The Struggle Marguerite Lamotte, Nelson Mandela Fought for Continues

Marguerite Lamotte encouraging students and residents to remain calm George Zimmerman verdict in July 2013.
| Photo: Courtesy LAUSD District 1/LAUSD

Marguerite Lamotte, the senior member on the board of the Los Angeles Unified School District, died last week. So did Nelson Mandela. I am not ranking them in importance, obviously, this is just the order in which I heard the news. Lamotte held the most local of elected offices in an American big city, Mandela was an icon and internationalist whose extraordinary story and forbearance long ago transcended politics and place; although from South Africa, he belonged to everyone.

Still, I couldn't resist thinking about how both Lamotte and Mandela shared in common the fact they were black leaders of a certain generation who saw themselves as fighters for racial equality in their respective countries.

Marguerite Lamotte waged the fight through public education, the means by which blacks in America were expected to finally level the playing field by integrating the decent public schools historically and legally reserved for whites. The problem is that integration never really happened, and the largely black, inferior schools created by segregation have remained black and inferior.

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In L.A., those schools have become far less black and much more Latino over the years, but underneath the demographic shift, the racial reality is the same: statistically and performance-wise, black students are the bottom. This conundrum of the post-desegregation era is what confounded leaders like Lamotte. At 80, she was old enough to have lived through segregated schools and to understand that the effects lingered, but she was hard-pressed, and sometimes reluctant, to address those effects through policy that explicitly addressed the needs of black students. Since Brown vs. Board of Education, no one has wanted to believe that blacks are denied a quality education -- after all, there are no more white supremacists blocking the schoolhouse door. We now have social mobility, which includes educational mobility.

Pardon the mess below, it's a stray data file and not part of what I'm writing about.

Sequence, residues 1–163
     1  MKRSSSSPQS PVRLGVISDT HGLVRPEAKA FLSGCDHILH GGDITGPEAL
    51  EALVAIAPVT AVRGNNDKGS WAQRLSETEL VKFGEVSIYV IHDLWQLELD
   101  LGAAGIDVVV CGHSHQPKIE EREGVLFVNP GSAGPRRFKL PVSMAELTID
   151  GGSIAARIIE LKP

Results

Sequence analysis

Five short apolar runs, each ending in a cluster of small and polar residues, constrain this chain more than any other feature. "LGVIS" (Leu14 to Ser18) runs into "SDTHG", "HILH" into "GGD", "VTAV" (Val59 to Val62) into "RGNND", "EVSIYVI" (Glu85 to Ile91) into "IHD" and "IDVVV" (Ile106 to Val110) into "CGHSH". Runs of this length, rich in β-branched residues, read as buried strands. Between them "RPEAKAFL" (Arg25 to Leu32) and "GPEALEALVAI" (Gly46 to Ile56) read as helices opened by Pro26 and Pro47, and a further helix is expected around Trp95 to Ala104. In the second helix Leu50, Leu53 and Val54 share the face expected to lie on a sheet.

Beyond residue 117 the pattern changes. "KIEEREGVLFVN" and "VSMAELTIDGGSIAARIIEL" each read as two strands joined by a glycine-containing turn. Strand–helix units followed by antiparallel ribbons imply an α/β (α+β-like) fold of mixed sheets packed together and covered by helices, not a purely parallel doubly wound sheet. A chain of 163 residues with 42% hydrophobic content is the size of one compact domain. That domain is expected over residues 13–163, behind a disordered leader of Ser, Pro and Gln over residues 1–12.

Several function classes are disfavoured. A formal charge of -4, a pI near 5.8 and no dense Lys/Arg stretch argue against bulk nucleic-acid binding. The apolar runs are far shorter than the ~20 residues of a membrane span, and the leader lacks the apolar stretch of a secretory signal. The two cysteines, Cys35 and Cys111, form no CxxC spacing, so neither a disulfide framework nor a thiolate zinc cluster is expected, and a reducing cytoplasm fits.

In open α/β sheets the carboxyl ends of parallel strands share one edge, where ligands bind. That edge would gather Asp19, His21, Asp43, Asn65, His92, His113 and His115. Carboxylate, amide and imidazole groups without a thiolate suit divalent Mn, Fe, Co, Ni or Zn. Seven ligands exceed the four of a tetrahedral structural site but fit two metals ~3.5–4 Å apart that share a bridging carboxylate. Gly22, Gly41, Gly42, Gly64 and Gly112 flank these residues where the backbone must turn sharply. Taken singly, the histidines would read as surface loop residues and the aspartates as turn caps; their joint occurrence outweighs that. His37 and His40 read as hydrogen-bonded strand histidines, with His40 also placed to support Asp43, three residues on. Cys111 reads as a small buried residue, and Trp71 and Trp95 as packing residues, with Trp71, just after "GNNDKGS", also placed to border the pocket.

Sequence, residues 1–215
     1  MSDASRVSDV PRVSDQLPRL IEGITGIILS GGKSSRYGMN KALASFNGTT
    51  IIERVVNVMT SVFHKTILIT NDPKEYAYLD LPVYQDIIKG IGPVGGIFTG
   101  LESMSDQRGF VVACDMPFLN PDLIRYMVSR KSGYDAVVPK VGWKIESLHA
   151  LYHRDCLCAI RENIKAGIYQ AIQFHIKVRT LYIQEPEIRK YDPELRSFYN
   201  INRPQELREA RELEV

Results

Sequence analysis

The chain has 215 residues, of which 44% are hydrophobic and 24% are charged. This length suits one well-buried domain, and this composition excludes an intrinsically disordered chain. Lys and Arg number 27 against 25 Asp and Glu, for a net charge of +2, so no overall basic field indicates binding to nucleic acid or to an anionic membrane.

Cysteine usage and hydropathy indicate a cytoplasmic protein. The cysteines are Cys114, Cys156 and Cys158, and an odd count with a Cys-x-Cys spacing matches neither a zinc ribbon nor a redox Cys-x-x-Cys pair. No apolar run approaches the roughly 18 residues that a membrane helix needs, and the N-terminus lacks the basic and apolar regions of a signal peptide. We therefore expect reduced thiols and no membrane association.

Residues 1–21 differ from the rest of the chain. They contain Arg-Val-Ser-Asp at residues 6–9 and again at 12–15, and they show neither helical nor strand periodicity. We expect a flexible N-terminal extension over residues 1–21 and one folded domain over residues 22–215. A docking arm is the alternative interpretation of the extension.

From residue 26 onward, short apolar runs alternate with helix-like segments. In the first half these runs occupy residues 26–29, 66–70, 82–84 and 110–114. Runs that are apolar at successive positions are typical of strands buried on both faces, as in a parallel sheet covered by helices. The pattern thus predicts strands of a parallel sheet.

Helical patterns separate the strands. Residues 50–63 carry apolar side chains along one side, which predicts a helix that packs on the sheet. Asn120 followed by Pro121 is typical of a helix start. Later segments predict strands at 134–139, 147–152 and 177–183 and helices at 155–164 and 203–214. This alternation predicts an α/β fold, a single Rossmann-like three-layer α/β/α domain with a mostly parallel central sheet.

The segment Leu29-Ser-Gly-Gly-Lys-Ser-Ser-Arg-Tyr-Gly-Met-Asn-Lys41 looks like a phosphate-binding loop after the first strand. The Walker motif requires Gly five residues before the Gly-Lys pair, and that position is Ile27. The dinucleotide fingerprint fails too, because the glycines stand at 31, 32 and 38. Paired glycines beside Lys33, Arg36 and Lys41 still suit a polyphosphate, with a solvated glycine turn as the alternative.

But of course, mobility's been the problem. People move to places where the schools are good (read: not black), and those who can't move continue to suffer crappy schooling. Magnet schools and busing programs alleviate the problem somewhat, but they're limited. And they extract a cost of their own -- students going out of their own neighborhoods to "better" schools weaken the prospects of those neighborhoods ever really getting better. We now abandon places without leaving them. Charter schools, which Lamotte opposed, are often local, but they are selective and by definition reject the social contract that all of us once had with public schools. Black parents sick of failure are often the first to do the rejecting. Such is the complex relationship between education and the unfinished business of freedom and racial justice that Lamotte tried (and frankly often failed) to negotiate as a board member in the modern era. Negotiating it in the so-called post-racial age was even tougher.

Nelson Mandela came to prominence fighting a nakedly racist white minority government that had no pretensions of democracy, equality, or social mobility. That apartheid government didn't fall until 1994, half a century after the Brown vs. Board of Education, and two years after the civil unrest erupted here in L.A., the costliest unrest in American history. We are still paying for racial inequality in the streets, in the schools, on both sides of the Atlantic. Two black leaders with very different profiles who died today would likely agree on that.

About the Author

Journalist and op-ed columnist Erin Aubry Kaplan's first-person accounts of politics and identity in L.A., with an eye toward the city's African American community, appear weekly on KCET's SoCal Focus blog.
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